BWW Review: Green Day's AMERICAN IDIOT Pulsates at PlayhouseBWW Review: Green Day's AMERICAN IDIOT Pulsates at Playhouse
Posted: Jan. 23, 2016


BWW Reviews: Voices of the South Offers a Riveting AWAKENINGBWW Reviews: Voices of the South Offers a Riveting AWAKENING
Posted: Apr. 4, 2015


BWW Review: 'Will No One Rid Me of This Troublesome Wife?' Theatre Memphis' THE LION IN WINTERBWW Review: 'Will No One Rid Me of This Troublesome Wife?' Theatre Memphis' THE LION IN WINTER
February 1, 2016

Let's see now -- older married man with mistress, seething ex-wife, resentful and mistrustful offspring -- where was Dr. Phil? Alas, nowhere in sight in Chinon during the Christmas of 1183, as the powerful English king Henry II has released his imprisoned wife (and sparring partner) Eleanor of Aquitaine and allowed her admittance to a family gathering (along with his mistress Alais). Is it for personal or political reasons? Perhaps a bit of both? Henry, great in stature and accomplishments, has to decide which of his sons (none of whom will historically 'measure up') will become the future King of England. It's a Lear-like choice, and poor Henry has 'slim pickings.' With the oldest son dead, the three remaining are a snarling, disgruntled lot -- in one corner (Eleanor's), there's the pillage-prone Richard (later Richard the Lionhearted, who will spend most of his time abroad); in the other (Henry's), there's the pimply, unwashed, and feckless John (later, a famously unpopular king who will be forced to capitulate to baronial pressure and sign a little document known as the Magna Carta). Oh, yes, and then there's the ignored, Machiavellian Geoffrey, mistrusted by both parents and willing to play anyone on the human chessboard.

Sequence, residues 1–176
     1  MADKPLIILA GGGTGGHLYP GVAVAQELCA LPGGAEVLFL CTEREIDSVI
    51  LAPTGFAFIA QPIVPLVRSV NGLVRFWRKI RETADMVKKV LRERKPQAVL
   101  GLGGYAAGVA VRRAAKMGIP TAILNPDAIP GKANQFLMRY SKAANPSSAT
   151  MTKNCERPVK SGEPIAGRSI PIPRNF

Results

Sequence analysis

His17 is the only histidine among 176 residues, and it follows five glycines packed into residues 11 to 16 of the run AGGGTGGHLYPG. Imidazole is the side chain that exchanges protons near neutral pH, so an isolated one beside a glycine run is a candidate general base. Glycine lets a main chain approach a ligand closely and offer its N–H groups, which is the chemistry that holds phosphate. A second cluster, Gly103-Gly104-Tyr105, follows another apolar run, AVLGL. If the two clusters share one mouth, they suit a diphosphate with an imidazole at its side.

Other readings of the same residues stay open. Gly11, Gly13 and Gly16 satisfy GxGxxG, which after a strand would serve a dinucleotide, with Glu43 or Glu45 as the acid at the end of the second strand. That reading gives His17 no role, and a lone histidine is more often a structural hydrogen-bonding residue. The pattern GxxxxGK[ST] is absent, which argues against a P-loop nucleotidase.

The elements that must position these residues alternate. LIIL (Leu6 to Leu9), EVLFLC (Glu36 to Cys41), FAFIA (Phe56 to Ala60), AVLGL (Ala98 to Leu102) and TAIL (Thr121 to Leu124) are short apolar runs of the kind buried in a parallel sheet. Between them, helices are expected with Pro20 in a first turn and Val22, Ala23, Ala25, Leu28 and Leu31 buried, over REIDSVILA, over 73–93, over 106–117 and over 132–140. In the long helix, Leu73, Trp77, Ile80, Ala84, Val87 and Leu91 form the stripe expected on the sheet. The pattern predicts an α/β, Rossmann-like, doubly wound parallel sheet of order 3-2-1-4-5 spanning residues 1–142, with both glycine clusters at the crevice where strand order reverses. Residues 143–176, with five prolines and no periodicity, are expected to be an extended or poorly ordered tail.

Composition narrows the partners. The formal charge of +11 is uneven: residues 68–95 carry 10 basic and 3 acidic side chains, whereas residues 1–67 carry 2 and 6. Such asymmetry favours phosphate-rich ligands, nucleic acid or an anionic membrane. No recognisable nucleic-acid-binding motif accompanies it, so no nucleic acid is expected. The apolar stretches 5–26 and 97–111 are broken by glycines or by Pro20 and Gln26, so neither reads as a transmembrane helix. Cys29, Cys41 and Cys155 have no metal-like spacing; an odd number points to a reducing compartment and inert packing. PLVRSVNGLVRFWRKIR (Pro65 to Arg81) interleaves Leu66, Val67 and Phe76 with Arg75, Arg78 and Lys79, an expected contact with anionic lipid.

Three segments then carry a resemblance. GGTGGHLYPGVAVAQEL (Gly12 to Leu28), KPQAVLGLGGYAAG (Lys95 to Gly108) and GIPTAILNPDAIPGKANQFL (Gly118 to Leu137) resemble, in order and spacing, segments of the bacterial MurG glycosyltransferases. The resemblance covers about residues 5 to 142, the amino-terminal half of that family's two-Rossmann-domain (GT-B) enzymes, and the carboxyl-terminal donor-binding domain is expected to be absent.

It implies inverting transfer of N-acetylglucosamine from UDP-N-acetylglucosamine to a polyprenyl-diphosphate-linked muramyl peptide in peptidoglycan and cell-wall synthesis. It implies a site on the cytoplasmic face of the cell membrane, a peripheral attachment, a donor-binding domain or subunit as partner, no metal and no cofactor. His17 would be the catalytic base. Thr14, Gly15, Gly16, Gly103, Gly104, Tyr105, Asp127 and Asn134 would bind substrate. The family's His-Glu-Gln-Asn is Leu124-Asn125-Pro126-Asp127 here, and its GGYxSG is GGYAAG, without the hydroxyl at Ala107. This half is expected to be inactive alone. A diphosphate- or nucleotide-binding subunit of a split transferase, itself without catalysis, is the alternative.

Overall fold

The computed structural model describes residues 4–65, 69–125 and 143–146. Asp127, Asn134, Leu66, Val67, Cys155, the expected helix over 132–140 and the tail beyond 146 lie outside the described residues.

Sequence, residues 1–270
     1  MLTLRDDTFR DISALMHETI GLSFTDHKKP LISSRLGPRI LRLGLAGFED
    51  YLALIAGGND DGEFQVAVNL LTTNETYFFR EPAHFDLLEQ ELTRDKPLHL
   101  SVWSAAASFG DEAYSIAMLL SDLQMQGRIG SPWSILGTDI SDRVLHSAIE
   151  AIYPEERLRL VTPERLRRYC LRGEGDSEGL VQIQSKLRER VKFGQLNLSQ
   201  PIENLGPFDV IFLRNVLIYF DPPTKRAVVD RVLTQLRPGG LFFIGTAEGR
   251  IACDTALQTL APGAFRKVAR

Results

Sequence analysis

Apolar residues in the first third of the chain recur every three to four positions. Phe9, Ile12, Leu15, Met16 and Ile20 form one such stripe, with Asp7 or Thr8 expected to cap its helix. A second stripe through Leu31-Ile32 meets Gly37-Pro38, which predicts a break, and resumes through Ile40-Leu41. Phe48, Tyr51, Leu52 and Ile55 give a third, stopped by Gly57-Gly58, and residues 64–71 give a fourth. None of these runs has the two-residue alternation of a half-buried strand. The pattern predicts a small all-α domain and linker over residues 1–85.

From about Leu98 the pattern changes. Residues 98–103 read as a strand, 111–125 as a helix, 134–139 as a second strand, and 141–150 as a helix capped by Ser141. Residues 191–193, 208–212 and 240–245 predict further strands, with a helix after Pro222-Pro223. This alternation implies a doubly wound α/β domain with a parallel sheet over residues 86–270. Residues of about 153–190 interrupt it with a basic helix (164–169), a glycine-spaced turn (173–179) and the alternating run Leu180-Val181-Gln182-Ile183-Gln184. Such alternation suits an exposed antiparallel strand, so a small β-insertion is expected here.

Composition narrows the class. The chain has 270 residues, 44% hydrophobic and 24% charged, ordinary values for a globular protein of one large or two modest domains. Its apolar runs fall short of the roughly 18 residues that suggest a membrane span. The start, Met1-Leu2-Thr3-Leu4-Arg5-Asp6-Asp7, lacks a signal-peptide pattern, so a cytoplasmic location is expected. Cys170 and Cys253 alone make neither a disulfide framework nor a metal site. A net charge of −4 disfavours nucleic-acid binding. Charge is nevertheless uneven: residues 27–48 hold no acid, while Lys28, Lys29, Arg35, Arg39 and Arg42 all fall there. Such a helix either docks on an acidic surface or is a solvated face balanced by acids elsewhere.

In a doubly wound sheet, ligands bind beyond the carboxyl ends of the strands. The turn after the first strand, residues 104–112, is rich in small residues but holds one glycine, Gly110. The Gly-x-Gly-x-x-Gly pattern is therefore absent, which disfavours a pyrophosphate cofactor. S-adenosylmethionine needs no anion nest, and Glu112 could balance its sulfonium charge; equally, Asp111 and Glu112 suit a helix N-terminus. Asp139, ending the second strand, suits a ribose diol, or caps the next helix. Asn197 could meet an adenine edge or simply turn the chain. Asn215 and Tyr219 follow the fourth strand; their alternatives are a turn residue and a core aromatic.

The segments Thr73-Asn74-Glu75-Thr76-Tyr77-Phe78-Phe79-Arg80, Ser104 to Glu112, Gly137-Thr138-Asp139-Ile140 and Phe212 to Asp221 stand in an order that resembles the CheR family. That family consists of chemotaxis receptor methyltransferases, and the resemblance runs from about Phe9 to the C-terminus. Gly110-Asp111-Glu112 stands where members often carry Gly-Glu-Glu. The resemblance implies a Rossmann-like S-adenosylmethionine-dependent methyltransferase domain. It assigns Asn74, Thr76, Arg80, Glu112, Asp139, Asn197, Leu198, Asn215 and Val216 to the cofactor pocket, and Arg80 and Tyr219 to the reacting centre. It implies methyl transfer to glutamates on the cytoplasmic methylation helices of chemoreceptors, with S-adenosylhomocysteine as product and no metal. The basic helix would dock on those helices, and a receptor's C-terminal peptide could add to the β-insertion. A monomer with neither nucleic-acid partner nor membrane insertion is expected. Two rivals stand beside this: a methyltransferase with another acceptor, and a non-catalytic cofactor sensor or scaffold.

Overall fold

BWW Review: Green Day's AMERICAN IDIOT Pulsates at PlayhouseBWW Review: Green Day's AMERICAN IDIOT Pulsates at Playhouse
January 23, 2016